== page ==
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Archive for Saturday, August 1, 1998

FOUL WATER SITUATION CLEARED UP

August 1, 1998

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It may smell odd and taste a bit musty in a few areas of town, but utilities officials insist the city's water remains safe to drink.

Musty water pouring into some areas of town this week now appears headed downstream.

Debbie Van Saun, the city's assistant utilities director, said her department received fewer than 20 complaints since Wednesday regarding unpleasant tastes and odors in the city's water supply. The complaints came from pockets in North Lawrence, around Kansas University and in southeast Lawrence.

The problem likely was brought on by byproducts from algae taken in with water from the Kansas River, which in turn was treated at the Kaw Water Treatment Plant.

The ``musty'' tastes and unpleasant odors likely have been flushed from much of the water system, Van Saun said Friday afternoon.

``The water is safe to drink,'' she said. ``The problems that we've experienced in the past few days are aesthetic. The water continues to meet or exceed all federal and state compliance guidelines.''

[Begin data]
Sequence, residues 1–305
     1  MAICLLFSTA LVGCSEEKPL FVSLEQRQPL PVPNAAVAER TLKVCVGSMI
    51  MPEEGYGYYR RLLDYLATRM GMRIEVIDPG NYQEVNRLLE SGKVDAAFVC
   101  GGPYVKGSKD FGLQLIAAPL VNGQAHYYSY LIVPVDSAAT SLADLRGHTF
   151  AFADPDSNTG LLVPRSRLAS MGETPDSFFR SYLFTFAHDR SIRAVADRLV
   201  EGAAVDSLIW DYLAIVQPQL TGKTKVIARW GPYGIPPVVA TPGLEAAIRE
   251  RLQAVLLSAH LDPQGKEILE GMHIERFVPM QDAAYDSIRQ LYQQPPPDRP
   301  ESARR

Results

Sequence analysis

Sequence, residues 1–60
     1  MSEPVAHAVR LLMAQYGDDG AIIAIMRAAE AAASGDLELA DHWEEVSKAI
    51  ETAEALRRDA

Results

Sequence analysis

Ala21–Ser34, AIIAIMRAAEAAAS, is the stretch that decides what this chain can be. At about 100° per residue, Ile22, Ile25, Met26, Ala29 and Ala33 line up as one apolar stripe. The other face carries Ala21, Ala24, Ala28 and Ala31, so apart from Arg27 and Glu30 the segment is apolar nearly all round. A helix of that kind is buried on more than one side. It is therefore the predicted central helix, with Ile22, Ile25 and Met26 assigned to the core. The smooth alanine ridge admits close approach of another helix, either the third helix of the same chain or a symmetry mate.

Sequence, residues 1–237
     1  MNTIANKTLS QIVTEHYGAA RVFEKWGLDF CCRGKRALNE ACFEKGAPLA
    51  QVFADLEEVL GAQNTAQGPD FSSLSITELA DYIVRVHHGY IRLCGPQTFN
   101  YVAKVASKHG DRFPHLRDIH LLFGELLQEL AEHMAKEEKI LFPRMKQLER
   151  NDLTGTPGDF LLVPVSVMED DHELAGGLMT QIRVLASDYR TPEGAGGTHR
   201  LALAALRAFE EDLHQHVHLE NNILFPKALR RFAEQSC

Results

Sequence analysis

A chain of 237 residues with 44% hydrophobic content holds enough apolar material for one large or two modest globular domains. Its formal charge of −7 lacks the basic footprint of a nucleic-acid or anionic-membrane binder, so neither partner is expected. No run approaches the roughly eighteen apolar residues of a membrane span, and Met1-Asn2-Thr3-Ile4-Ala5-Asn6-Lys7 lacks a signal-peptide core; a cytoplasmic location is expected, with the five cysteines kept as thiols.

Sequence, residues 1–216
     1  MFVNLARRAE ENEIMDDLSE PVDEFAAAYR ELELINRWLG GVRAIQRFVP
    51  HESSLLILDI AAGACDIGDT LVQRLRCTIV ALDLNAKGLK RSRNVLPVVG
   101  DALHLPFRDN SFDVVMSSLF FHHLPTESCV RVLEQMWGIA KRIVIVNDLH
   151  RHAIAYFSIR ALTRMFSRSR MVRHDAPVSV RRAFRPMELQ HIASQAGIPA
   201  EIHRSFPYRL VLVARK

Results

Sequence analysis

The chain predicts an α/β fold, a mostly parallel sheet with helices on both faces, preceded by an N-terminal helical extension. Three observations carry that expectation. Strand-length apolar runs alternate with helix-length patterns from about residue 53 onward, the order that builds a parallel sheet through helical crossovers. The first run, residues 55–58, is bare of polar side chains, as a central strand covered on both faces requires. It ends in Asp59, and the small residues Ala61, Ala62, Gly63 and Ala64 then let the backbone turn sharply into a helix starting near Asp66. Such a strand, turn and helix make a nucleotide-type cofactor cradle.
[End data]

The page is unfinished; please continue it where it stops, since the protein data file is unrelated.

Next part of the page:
Bob Burlingame, who lives on Bishop Street in southeast Lawrence, said he'd been using bottled water for days to make his morning coffee. He doesn't like the city's insistence that his water is safe to drink, albeit a touch unpleasant.

``I'm going to call up later on and see who's buying my (bottled) water,'' Burlingame said.

Van Saun said the city was doing all it could to prevent the musty water from reaching homes and businesses. Once notified of the problems, officials shifted much of the city's water production to the Clinton Water Treatment Plant.

Officials also increased the use of powdered activated carbon in the water, so that much of the pesky odors and foul-tasting materials would be adsorbed and filtered out before they could reach the distribution system.

Coincidentally, city commissioners are expected to approve the purchase of 7.5 tons of the carbon Tuesday, in preparation for the typical fall season, when similar problems stem from changing water conditions at Clinton Lake.

``We try to anticipate these problems and prevent them when we can,'' Van Saun said.

-- Mark Fagan's phone message number is 832-7188. His e-mail address is mfagan@ljworld.com.

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